On a normal round of golf, Raymond High School alum Jerry Swanson usually blasts his drives between 300 and 320 yards.
That’s without reaching his full power.
The 49-year-old Swanson will be looking to add some 50 yards to his standard tee shot when he competes in the Senior Division of the Remax World Long Drive Championship Oct. 15-22 in Mesquite, Nev. (located about 80 northeast of Las Vegas). Televised by ESPN, the Remax offers a $50,000 top prize in the senior division.
Currently a resident of Gresham, Ore., Swanson will be one of the favorites in Nevada. His qualifying drive of 374 yards ranks second nationally in his age group. And in winning a regional competition earlier this month in Billings, Mont., he beat the man who possesses the longest drive in the classification, Lou Freter of Utah.
Despite hitting against a 20 mph wind, Swanson drove between 338 and 360 yards in surviving a series of elimination contests at regionals.
Although touring pros once competed in events such as the Remax, those contests have now become the near-exclusive province of long-drive specialists who possess limited all-around golfing skills.
In several respects, Swanson seems out of place in that world.
Although well-built at 6-foot-2 and 206 pounds, the former Raymond High School football and basketball player still gives away more than 50 pounds to many of his rivals.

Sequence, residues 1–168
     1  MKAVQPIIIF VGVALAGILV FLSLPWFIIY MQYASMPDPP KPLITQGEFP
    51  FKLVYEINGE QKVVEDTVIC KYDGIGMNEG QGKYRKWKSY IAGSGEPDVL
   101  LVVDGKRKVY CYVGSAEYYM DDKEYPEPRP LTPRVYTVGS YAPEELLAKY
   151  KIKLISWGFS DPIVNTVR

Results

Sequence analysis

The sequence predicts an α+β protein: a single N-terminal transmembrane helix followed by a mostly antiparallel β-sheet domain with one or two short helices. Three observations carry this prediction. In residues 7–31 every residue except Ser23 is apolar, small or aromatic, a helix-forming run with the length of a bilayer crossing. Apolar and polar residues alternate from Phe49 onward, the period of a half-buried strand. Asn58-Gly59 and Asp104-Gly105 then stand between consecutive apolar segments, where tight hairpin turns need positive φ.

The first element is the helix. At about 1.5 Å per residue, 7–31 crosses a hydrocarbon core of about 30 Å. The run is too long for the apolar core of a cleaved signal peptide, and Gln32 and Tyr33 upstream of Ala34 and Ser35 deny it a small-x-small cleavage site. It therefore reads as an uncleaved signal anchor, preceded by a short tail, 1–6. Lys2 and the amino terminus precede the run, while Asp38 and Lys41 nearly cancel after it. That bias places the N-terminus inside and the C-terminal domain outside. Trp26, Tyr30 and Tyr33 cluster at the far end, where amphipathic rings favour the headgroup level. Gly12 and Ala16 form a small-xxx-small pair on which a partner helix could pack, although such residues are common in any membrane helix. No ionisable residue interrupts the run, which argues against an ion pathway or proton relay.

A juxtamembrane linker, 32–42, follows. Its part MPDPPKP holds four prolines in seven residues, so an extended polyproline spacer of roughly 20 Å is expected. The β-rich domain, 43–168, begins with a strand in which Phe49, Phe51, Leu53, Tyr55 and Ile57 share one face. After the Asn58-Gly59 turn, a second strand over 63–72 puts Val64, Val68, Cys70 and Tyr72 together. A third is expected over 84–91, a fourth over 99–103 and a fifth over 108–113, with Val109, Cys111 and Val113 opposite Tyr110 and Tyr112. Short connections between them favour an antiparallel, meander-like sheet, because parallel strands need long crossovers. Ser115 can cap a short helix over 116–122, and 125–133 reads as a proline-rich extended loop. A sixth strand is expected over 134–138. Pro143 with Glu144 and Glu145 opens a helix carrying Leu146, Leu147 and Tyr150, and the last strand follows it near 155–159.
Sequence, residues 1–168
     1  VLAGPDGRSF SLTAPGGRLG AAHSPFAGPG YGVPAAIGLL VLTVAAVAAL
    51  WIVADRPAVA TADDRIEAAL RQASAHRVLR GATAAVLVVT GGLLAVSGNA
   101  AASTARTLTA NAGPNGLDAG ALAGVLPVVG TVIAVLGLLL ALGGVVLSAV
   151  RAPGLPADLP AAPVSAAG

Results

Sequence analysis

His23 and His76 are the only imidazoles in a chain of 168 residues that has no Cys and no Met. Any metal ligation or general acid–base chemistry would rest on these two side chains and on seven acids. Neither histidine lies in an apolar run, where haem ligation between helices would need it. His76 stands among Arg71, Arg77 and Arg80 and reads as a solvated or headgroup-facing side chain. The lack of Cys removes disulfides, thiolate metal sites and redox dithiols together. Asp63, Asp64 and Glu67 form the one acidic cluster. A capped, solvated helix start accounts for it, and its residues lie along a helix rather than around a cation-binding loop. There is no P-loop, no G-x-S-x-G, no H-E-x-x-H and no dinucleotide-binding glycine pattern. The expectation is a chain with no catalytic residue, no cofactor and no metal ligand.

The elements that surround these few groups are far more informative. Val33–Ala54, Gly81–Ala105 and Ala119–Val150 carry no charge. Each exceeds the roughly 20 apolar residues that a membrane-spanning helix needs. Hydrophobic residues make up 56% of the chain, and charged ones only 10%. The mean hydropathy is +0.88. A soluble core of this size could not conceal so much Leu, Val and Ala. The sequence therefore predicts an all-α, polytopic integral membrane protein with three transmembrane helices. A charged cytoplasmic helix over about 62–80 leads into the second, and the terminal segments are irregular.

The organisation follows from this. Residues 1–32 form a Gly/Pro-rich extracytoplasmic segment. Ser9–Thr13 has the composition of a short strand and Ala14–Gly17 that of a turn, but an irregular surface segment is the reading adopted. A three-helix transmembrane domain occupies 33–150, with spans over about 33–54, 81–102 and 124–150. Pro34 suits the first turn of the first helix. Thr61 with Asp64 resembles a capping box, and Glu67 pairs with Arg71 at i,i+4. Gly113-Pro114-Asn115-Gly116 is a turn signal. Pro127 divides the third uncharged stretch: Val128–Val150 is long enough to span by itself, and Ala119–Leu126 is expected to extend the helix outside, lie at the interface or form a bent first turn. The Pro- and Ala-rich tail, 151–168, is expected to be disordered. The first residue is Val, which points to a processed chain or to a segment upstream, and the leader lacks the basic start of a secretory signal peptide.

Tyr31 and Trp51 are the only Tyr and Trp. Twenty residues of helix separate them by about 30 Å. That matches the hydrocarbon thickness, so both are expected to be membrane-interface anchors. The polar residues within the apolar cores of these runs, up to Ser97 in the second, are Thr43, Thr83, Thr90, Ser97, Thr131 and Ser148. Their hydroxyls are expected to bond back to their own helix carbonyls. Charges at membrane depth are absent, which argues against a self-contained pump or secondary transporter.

“I’m a golfer that hits it a long way,” Swanson said. “A lot of the guys I’m up against are huge.”
He’s also skilled enough with the remainder of his clubs to have played at Lower Columbia College and maintained a single-digit handicap that has fluctuated between 1 and 8.
“He probably shot in the mid-70s,” recalled Grays Harbor Country Club pro Jay Gurrad, Swanson’s teammate at LCC and now one of his swing coaches. “He wasn’t exceptionally long or anything. When I learned that he was competing in the long drive championship after (not seeing him for) 30 years, I was a little surprised.”
A real estate investor and contractor in the Portland-Vancouver area, Swanson said he began adding distance some 20 years ago due to an extensive conditioning routine. He said he lifts weights four to five times per week.
“When I worked out in the 1990s, I got in good shape and started hitting the ball longer, when I got bigger and stronger,” he said.
“He’s fit and flexible. He’s more flexible than most of your 20-year-olds,” Gurrad noted. “The younger-division players were watching him compete, with their chins dropped, thinking this guy was impressive.”
Swanson, who learned the game at age 6 from the late Willapa Harbor Golf Course pro Hank Runge, said he gave little thought to long-drive contests until he was in his 40s.
On a whim, he entered an open-division contest six years ago in Seattle. He lost to a better-known ex-football player, former University of Washington quarterback Billy Joe Hobert.
While preparing to enter senior competition two years ago (the Remax senior division encompasses players in the 45-52 age group), Swanson injured both his wrist and thumb on one swing.
“This year, I was playing pretty well, so I figured I’d give it another shot,” he said.
For long-drive contests, Swanson makes several adjustments to his customary swing and equipment.